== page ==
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Judicial regulation and protests in Israel: How have we come to this?

While the protests that started on January 7 against the judicial regulation of Prime Minister Netanyahu's government in Israel continued, Netanyahu announced that the regulation was postponed. So, how did we get to today?

Although Israeli Prime Minister and Likud Party leader Benjamin Netanyahu announced that he has delayed submitting the judicial regulation, which has caused protests in the country for weeks, to the Israeli Parliament, the Knesset, the protests in the country have not ended. According to the Israeli newspaper Yediot Ahranot, 34 of the 130 groups that organized protests in the country announced that they would continue their actions against the judicial regulation after Netanyahu's statement.

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How we have come to today?

Early general elections in Israel were held on 1 November 2022. Led by Netanyahu's Likud Party, the right-wing bloc won a majority of 64 deputies in the 120-seat Israeli Parliament.

According to the official results announced by the Israeli Central Election Committee, the Likud Party won 32 deputies. The far-right Religious Zionism Party finished third with 14 deputies, while Shas, one of Netanyahu's ally ultra-Orthodox parties, won 11, and the United Torah Party won 7 deputies.

After the elections, the government established by Netanyahu, who received the authority to form the government from President Isaac Herzog, received a vote of confidence from the parliament on December 29, 2022.

On January 5, 2023, just after the newly formed government received a vote of confidence from the parliament, the Netanyahu government announced a package of "judicial reform" that limited the powers of the Supreme Court, the highest judicial authority in the country.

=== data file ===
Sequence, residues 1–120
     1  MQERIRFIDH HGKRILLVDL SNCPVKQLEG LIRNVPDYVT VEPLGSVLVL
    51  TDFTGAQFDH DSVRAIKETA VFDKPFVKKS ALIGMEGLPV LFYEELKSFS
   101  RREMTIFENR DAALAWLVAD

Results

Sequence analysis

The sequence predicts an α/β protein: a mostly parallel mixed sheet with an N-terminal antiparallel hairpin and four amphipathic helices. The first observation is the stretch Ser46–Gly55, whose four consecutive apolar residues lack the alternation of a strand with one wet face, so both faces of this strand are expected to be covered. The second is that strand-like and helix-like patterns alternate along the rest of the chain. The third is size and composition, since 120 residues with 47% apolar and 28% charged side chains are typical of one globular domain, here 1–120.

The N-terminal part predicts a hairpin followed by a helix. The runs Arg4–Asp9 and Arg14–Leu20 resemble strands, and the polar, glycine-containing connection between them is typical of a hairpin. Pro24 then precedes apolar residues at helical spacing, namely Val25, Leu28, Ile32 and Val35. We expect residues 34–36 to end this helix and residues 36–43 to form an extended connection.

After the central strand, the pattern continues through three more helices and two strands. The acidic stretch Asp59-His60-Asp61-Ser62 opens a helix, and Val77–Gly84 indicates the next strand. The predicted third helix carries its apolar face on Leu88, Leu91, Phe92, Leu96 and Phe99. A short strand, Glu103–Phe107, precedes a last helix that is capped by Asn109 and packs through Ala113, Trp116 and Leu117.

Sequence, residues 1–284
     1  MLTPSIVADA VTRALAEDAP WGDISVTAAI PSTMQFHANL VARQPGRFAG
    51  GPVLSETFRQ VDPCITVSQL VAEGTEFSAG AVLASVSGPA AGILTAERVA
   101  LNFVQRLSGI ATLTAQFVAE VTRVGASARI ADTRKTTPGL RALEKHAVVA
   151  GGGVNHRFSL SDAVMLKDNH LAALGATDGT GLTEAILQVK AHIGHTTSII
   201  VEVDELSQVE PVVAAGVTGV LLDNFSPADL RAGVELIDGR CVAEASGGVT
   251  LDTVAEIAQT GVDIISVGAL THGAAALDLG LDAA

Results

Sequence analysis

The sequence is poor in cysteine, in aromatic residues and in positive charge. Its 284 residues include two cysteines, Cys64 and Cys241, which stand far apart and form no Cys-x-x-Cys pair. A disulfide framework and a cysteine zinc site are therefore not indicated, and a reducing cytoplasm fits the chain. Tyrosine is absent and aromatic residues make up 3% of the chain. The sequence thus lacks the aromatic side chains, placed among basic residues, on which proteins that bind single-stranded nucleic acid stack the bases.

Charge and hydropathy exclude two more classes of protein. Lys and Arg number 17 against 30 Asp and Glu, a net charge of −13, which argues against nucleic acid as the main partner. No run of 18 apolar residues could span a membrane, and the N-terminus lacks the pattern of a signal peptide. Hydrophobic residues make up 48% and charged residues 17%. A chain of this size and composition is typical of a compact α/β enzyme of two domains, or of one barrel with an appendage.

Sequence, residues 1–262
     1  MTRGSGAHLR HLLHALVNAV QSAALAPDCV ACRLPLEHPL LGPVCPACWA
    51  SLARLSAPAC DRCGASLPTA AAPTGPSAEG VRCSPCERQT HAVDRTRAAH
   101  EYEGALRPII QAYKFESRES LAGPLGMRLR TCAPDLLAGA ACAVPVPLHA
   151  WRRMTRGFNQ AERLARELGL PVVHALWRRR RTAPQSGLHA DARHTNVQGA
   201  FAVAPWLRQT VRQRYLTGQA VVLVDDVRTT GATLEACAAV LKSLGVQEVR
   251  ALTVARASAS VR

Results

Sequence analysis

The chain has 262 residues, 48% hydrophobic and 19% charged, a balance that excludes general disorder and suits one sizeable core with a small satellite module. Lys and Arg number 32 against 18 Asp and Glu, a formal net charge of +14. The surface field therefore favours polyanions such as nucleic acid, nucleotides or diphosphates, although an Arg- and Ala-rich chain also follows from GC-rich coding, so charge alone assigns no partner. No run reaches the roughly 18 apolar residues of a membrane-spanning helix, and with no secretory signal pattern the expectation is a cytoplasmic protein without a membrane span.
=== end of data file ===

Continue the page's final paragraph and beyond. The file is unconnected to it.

The regulation in question envisaged the weakening of the Supreme Court's power to review or reject laws, with a simple majority in the legislature able to override court decisions.

According to the arrangement, which would bring the commission that appoints the judges to be completely under the control of the government, ministers would not be required to follow the advice of legal advisers led by the attorney general. The legislation in question would also make it difficult to dismiss office holders deemed unsuitable for the post.

The first protests against the Netanyahu government's judicial regulation were also made on Saturday (January 7th), two days after the announcement of the judicial package.

The following protests continued on Saturdays, especially in Tel Aviv. According to Israeli police, about 80,000 Israelis attended the demonstration held in Habima Square in central Tel Aviv on Saturday, January 14th.

Three votes were required in the legislature for the bill to pass. The regulation in question passed the first vote on February 21, in the third week of the protests.

Protests in Israel continued after this vote. On March 9, there were nationwide calls for an "action of civil disobedience" against the government's judicial regulation.

On March 16, Netanyahu rejected the aforementioned "People's Bill", which was presented by Herzog warning of "civil war".

One of the important breaking points in the protests took place on March 26. Prime Minister Benjamin Netanyahu fired Defense Minister Yoav Gallant, who called for a halt to judicial regulation.

Asaf Zamir, the Consul General of Israel in New York, also resigned from his post, where tens of thousands of people took to the streets and universities began to strike.

Flights were suspended at the country's largest international airport, Ben Gurion, due to reaction strikes.

Finally, on March 27, Israeli Prime Minister Benjamin Netanyahu announced that he was delaying judicial regulation, which caused mass protests and strikes across the country.